Prime Minister Hun Sen said that Cambodia has kept its electricity tariffs unchanged this year even though the domestic demand for electricity soared. He said the government wants to help consumers including those in agriculture, while in the neighbouring countries, the tariffs have increased to a level which is higher than that of Cambodia.
Mr Hun Sen revealed this during an interaction with 342 households who have been affected by the project for the development of Stung Pursat I Hydropower Dam worth $231 million in Veal Veng district, Pursat province, before continuing his trip to inspect the project site.
The countrywide demand for electricity consumption, Prime Minister Hun Sen said has increased to more than 2,200 megawatts from about 30 megawatts in the 1990s, while Phnom Penh—the capital and largest city of Cambodia and the centre of security, politics, economics, cultural heritage, and diplomacy—covers over 1,000 megawatts.
The Premier also indicated that the demand for electricity consumption in Cambodia, especially for households, agriculture, tourism and industries, is projected to increase further as its economy has been fast developed, which requires that the government has to increase the supply by enhancing the capacity of power generating sources, especially renewable sources.
“Everyone has increased their prices like our neighbouring countries, but we do not. Previously, our prices had been higher than theirs, but now their prices have has been higher than theirs as we have to be patient to help our people,” said Mr Hun Sen, adding that electricity tariff for water pumping in agriculture from 9 pm to 7 am has stayed at 480 riel per kWh.
The Premier said that Cambodia needs to develop renewable sources of electricity in response to the rising demand for electricity by houses and enterprises, especially hydropower dams that do not affect climate change as they do not pollute the environment, while the sources have represented over 62 percent of the total supply in the country.
Mr Hun Sen pointed out that solar can generate electricity in panels when sunlight exists. “It is not enough… at night it does not produce electricity at all. So, we need to find ways to address the electricity issue… as the demand has been rising,” he said, adding that the demand for electricity in Cambodia’s tourism industry has been remarkably high.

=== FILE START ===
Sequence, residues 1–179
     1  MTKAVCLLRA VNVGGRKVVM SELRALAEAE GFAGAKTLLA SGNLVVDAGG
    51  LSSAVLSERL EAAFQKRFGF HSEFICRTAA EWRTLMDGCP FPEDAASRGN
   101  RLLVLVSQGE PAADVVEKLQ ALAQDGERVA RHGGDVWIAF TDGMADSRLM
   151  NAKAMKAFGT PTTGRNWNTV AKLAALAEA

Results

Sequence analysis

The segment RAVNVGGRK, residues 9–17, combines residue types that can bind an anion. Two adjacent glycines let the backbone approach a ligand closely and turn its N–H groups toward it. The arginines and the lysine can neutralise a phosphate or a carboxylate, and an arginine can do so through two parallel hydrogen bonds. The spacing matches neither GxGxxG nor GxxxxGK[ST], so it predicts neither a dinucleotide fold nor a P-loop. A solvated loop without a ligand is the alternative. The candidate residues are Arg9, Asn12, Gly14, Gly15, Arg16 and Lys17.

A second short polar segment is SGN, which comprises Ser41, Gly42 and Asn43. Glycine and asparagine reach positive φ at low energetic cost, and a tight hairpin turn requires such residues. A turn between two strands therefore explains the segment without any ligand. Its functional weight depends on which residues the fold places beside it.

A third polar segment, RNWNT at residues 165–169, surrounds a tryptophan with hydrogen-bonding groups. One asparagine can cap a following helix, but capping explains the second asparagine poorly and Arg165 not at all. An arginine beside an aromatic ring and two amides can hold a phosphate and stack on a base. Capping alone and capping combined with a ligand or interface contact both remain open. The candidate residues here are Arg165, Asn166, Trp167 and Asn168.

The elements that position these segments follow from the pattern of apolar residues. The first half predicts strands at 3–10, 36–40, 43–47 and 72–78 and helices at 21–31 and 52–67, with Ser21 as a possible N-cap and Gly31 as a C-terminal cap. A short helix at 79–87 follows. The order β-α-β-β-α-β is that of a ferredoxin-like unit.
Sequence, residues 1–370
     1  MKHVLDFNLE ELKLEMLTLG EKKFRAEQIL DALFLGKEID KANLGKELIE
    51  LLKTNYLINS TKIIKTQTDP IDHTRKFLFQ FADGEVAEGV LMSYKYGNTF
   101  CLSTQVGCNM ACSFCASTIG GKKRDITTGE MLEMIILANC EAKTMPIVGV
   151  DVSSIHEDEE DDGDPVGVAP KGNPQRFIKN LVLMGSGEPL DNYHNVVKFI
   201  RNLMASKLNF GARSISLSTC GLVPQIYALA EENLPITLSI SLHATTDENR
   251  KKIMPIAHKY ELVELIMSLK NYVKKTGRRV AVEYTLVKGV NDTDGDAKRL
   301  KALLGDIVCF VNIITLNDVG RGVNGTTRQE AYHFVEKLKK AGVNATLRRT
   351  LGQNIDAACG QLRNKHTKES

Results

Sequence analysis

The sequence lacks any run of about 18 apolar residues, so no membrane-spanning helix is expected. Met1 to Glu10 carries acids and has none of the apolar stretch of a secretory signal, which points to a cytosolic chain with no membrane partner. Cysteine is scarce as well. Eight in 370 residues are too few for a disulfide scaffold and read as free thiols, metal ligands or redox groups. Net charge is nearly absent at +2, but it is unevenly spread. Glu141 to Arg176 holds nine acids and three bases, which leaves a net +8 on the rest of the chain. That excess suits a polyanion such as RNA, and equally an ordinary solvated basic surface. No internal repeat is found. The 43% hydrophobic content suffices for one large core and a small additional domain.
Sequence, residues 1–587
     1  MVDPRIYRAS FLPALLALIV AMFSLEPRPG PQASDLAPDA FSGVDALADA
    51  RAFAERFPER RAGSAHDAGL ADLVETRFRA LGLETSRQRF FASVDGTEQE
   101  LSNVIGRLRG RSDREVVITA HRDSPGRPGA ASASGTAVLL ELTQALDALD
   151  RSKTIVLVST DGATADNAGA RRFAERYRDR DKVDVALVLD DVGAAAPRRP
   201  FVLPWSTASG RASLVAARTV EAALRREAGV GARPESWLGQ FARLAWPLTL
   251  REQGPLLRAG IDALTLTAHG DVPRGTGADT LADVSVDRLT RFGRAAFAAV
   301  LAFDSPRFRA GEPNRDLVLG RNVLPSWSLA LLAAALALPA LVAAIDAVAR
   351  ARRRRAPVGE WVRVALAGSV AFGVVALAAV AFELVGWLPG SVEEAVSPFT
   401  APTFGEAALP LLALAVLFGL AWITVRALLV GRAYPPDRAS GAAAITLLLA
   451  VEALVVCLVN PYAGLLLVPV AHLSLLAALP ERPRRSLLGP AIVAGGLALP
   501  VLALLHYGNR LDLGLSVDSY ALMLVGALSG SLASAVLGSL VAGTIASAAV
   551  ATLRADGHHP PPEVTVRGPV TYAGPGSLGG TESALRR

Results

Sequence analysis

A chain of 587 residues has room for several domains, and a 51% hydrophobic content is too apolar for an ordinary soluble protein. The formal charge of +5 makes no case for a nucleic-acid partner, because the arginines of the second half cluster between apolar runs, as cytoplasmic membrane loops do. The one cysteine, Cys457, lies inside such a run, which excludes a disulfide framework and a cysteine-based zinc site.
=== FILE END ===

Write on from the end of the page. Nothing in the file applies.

“The heavy consumption is in services provided in the tourism sector… as this is not the time for tourists to use fans but they need to use air-conditioners instead, while households use air-conditioners or at least electric fans and production factories also need electricity and so jobs would be created to produce goods,” he said, adding one building needs about 10 megawatts.
Heng Kunleang, Director-General of the Energy Department of the Ministry of Mines and Energy (MME) told Khmer Times yesterday that Cambodia has kept the electricity tariffs in 2023 the same as in 2022 for all categories of consumers, while a progress report of the Electricity Authority of Cambodia (EAC) shows that the electricity tariffs have unchanged since 2020.
The government approved SPHP (Cambodia) Co Ltd to build the Stung Pursat I Hydropower Dam on April 5, 2019, in partnership with Power China to be able to generate approximately 80 megawatts, but the construction started officially in February 2022 and is expected to be completed and launched in 2026.
SPHP has invested $231.10 million under the BOT (Build-Operate-Transfer) form for 39 years, while two 60-megawatt solar power stations will be built in Krakor district of Pursat province and in Tek Phos district of Kampong Chhnang province with a total investment capital of more than $58 million under the BOO (Build-Own-Operate) form for 20 years by Schnei Tec Co Ltd.
A report issued in late 2018 by the ASEAN Centre for Energy (ACE) showed that the electricity tariff in Cambodia then was highest in the region, which made the country to be more competitive as manufacturing destination. However, the government is confident that within five to ten years the electricity tariff in Cambodia can be one of the lowest among ASEAN member states.
This article was first published in Khmer Times. All contents and images are copyright to their respective owners and sources.